Hey there, heres a little introductory post to get things going.
I’ve put this blog together to do a little writing practice. Expect some garbage opinions on programming and video games. My goal is to someday reach the writing quality necessary to get a contrarian post linked to and then torn apart by hackernews.
Aiding in that goal is the pretty cool Jekyll site generator. Early on, I decided that I wanted blog posts to be expressed using Markdown. Despite being comfortable with React and Vue.js, a component library and SPA is overkill for a site that is entirely static, and Django, which I love, is too monumental an apparatus for simply storing and serving blog posts. Jekyll happens to be a static site generator shaped post for this static site generator shaped hole. Turns out, its a breeze to work with! I’ve cordoned off a showcase section of the site, which can link to sub domains with run by whatever extravagant technology I’m infatuated with at the moment.
Speaking of infatuated, bootstrap sass is also pretty nifty. I’ve come to rely on bootstrap’s grid system (made so much better recently with bootstrap 4’s flex rewrite) for layout stuff, but I don’t need many of its other components. Turns out you don’t need to lug around bootstrap’s full bundle! I have a scss file sitting above bootstraps infinity depths which only includes bootstrap features I want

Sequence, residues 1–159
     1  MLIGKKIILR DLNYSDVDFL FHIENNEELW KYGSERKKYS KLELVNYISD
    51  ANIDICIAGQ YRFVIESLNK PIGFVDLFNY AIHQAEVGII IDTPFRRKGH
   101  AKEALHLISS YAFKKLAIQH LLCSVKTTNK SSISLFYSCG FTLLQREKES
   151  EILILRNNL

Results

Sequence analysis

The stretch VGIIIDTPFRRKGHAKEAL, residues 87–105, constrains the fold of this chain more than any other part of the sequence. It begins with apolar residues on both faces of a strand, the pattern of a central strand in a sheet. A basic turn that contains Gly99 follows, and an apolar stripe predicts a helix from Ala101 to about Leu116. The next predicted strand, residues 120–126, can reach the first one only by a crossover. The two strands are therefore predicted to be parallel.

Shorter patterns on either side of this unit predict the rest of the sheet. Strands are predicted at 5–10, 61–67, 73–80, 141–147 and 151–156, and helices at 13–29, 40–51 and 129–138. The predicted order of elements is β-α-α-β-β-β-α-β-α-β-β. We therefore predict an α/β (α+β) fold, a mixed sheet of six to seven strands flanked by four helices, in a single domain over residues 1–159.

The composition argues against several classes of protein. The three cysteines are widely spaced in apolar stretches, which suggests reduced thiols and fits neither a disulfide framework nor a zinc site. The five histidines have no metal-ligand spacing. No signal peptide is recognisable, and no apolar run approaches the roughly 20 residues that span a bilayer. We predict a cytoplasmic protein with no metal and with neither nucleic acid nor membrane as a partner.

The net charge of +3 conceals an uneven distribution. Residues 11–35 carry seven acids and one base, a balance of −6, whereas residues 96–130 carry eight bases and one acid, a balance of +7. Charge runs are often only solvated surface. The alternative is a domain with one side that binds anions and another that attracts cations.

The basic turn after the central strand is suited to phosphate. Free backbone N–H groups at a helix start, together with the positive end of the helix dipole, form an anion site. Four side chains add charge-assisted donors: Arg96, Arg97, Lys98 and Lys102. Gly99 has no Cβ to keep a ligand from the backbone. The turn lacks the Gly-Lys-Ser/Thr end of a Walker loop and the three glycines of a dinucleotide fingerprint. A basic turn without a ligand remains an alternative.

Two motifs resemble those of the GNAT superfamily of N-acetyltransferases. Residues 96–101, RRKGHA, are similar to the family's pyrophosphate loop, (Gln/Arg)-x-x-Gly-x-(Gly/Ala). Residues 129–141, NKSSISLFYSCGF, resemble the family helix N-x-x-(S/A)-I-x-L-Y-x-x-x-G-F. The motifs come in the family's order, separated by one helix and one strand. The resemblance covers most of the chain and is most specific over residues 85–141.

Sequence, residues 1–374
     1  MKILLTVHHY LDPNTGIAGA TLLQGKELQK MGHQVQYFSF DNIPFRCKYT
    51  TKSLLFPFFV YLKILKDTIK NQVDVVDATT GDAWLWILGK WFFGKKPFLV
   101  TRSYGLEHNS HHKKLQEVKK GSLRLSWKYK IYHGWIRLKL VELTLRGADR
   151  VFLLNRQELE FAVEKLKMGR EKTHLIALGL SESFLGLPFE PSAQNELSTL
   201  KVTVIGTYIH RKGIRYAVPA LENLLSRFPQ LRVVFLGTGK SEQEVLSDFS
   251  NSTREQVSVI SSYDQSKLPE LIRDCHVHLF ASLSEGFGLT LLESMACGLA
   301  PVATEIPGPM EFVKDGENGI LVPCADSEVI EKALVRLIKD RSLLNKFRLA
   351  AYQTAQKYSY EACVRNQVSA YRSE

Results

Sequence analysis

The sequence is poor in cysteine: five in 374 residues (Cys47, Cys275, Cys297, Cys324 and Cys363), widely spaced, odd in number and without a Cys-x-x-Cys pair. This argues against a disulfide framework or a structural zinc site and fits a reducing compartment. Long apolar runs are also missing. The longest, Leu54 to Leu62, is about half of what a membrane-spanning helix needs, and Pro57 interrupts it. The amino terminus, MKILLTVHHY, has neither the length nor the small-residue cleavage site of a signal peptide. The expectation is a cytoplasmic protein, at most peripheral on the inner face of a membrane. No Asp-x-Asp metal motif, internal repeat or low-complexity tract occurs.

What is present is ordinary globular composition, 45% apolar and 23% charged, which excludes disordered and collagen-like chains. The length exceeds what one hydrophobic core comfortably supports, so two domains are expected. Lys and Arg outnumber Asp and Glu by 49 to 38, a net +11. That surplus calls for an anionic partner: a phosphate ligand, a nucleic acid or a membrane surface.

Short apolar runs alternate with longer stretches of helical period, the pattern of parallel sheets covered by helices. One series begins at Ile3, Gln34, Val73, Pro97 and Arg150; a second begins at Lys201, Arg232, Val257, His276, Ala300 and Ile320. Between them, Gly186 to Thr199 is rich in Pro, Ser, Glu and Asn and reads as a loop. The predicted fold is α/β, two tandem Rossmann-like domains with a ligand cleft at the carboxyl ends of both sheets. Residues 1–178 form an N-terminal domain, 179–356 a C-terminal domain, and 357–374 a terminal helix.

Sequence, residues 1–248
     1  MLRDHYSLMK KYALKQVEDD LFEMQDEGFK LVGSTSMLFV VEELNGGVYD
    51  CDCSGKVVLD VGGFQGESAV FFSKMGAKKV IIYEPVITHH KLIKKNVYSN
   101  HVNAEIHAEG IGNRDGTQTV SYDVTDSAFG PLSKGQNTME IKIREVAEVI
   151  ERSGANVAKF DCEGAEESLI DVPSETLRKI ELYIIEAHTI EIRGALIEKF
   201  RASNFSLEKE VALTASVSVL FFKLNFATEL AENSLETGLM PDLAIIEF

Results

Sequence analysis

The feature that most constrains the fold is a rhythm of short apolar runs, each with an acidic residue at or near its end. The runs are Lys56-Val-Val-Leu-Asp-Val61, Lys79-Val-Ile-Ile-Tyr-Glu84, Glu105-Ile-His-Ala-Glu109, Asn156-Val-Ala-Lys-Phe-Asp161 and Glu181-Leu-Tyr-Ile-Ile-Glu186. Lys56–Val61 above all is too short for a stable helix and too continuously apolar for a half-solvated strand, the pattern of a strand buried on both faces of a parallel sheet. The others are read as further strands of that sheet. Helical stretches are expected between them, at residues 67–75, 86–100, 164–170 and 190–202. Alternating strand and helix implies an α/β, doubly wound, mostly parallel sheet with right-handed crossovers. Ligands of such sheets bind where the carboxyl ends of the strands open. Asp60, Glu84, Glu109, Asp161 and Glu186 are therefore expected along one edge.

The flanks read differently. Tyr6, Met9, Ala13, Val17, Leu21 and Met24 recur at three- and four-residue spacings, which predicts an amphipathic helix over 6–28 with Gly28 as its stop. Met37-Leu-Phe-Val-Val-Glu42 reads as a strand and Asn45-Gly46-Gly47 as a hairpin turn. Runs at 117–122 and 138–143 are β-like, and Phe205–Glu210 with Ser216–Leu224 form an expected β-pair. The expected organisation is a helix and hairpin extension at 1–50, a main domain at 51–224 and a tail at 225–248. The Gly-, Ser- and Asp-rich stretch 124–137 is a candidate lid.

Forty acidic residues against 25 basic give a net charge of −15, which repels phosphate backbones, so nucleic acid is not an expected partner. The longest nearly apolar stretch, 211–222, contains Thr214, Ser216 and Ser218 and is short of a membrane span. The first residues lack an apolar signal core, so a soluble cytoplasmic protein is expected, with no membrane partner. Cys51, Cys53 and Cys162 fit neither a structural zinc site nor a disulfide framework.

// @import "bootstrap/modal"; @import "bootstrap/tooltip"; // @import "bootstrap/popover"; // @import "bootstrap/carousel"; // @import "bootstrap/spinners"; @import "bootstrap/utilities";
Honestly I don’t think it even reduces the file size that much, but there is a certain satisfaction in choosing the destiny of the grovelling files scattered before me.
My second goal, perhaps more outlandish than the first, will be to learn to proof-read my own writing. Maybe I’ll start that journey in my next post. Probably not.